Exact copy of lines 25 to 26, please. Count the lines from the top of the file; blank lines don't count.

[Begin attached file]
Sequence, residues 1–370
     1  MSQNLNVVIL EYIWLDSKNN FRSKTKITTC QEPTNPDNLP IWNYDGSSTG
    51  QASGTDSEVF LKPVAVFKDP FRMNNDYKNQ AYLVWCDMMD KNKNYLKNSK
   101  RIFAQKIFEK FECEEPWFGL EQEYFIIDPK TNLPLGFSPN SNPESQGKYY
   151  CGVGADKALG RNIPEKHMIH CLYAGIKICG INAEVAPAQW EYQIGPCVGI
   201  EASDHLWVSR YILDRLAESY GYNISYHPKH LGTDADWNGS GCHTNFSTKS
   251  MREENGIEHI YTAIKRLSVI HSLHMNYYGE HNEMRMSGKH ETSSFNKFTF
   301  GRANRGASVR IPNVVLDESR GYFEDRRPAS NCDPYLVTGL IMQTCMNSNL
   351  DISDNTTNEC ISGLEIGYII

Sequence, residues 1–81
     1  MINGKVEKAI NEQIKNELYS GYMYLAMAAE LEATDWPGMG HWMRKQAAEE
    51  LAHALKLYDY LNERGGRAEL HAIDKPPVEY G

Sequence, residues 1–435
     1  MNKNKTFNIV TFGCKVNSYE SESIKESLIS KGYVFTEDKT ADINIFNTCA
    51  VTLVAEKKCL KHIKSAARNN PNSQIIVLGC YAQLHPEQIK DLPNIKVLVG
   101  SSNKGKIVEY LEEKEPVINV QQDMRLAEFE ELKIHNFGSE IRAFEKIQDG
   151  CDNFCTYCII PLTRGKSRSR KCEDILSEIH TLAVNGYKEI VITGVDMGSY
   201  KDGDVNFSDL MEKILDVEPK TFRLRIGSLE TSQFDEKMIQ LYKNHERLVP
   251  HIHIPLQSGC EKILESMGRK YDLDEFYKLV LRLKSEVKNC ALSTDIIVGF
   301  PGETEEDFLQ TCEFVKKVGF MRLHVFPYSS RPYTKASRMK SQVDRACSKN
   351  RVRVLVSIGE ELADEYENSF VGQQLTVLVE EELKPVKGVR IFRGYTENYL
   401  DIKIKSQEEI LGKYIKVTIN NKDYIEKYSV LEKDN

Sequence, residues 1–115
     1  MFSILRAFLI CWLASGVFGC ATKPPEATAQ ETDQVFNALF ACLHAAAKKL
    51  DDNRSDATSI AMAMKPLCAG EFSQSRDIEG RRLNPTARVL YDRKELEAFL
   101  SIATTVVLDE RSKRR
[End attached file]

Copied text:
    51  DDNRSDATSI AMAMKPLCAG EFSQSRDIEG RRLNPTARVL YDRKELEAFL
   101  SIATTVVLDE RSKRR